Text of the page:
“Jeanne! Have you heard what’s likely to happen?” Biddy o’Ryan asked.

“But yes, my Biddee. But we will hope that something may intervene to prevent the worst. At least Hansi has gone to see if he can make the descent by the direct route.”

“He won’t manage it,” Matron said decidedly. “When Pieter Koch came this morning to make up the furnaces, he told me that the water was pouring down there like a mill-race and it was nearly knee-deep then.”

“And if he did manage it, how is he going to get back? He may very well be stranded in the valley,” Joan Bertram pointed out. “What will happen to that water? Is there any channel to carry it off, or will it just spread out into a pond?”

No one could answer this, but in any case, it didn’t matter, for Hansi returned to the school at noon to say that the road was impossible. The force of the water had nearly taken him off his feet and it was deepening with every hour. There was no help for it. They had to face the fact that they were marooned.

The Head turned up before then. She had been over to Freudesheim where she had found Joey Maynard tearing her hair over the same difficulties. She had, like Karen, canned and bottled with vim during the summer. She had also put down several buckets of eggs, thanks to the foresight of Anne, her faithful maid and factotum; but she had no meat and she was running short of flour which was even more serious.

“What can we do about it?” Nancy Wilmot asked.

“Nothing, I’m afraid. Luckily, every other person keeps a cow or cows, so we shan’t want for milk or even butter. We shall just have to make the best of it,” the Head replied. “Surely it can’t go on raining like this much longer! Even in Tirol I never knew it last so long.”

Frau Mieders, who took Domestic Science in the school, looked up. “But if Joey is short of flour, I can send over half a barrel,” she said. “For I think you will not wish us to hold our usual cookery classes, Hilda?”

“Certainly not!” Miss Annersley was in no doubt about that. “Have you any more, Anna?”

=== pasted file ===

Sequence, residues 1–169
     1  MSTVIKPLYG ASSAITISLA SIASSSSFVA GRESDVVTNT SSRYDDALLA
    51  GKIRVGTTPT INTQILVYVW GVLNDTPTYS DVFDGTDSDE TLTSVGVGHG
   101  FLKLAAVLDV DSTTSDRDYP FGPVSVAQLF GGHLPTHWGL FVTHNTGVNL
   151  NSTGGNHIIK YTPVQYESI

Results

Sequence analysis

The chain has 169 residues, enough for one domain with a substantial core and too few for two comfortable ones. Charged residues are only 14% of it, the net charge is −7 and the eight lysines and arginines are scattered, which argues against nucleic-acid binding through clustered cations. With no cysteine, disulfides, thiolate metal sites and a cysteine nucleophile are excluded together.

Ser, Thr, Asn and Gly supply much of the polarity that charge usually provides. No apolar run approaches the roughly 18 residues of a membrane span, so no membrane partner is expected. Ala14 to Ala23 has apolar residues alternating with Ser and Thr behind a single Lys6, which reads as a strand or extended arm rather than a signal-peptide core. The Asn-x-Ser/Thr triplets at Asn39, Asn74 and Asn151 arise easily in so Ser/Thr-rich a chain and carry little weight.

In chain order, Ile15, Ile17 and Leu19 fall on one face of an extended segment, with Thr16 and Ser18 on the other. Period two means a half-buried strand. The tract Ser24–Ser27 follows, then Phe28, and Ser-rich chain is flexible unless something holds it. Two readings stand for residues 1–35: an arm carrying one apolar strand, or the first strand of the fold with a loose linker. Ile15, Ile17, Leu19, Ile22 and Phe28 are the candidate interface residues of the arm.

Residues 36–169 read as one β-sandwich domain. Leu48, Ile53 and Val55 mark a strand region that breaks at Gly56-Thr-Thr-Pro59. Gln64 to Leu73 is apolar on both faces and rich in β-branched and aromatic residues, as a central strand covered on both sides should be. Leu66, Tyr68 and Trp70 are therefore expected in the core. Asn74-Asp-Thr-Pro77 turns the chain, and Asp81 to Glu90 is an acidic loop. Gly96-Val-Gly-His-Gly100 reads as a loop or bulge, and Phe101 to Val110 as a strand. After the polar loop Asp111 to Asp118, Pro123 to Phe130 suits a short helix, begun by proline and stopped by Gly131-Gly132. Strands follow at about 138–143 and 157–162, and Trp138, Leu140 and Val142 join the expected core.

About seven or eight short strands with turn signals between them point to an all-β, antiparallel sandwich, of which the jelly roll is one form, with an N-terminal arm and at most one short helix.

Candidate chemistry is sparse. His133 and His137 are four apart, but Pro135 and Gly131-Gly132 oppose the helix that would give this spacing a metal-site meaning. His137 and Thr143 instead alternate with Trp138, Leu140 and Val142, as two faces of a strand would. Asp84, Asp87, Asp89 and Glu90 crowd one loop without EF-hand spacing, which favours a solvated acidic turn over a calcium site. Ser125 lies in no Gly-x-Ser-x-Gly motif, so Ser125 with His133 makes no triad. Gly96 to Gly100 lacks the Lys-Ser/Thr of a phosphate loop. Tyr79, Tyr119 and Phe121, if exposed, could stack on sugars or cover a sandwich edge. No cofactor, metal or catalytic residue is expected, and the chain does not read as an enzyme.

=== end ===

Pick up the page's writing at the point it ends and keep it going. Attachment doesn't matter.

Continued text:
“But yes; two barrels untouched and the big crock full. We can well spare the half-barrel to Joey.”

“I’m thankful to hear it. She told me that her Anna said she had enough for a batch of bread and then only a bowlful left. Mercifully, they are all right at the Sanatorium for at least another week, though the meat question is nearly as difficult for them as for us. Tell Hansi to take the flour over to Joey some time today, will you, Anna?”

“Certainly. And the girls may do extra polishing and cleaning and also make up their notes,” Frau Mieders said. “Did anyone hear the weather forecast this morning?” No one had. As Nancy said, they had been bored quite enough by hearing all the week that the rain would go on. Why worry to hear it once more?

When Mittagessen came, they found that Karen had solved the difficulty for one day by making one of her delicious vegetable stews. Saturday was the day for hot joints but the girls liked Karen’s stews, so no one made any comment, though some of the more conservative remarked on the change of menu. But when it was followed up by milk puddings instead of pastry and jam, quite a number of people remarked on it.

The Head, knowing that Abendessen would not make up for it, had wisely prepared. Before she said Grace at the end of the meal, she tapped her little bell smartly and the murmur of talk ceased as the girls turned to look at her.

“First,” she said as she rose, “I have to tell you that the evening at St. Mildred’s has had to be postponed once more. I don’t think anyone will be surprised to hear that, though. We’ll make up for it by providing a programme for ourselves. Our evening will begin at eighteen o’clock and each form is to provide one item. You may choose what you like—game, dancing, competition, songs, recitations—anything. Abendessen will be at twenty o’clock and we will finish our programme after. Prayers will wind up the evening and then you will go to bed. Now we’ll have Grace and you can spend the afternoon preparing your items.”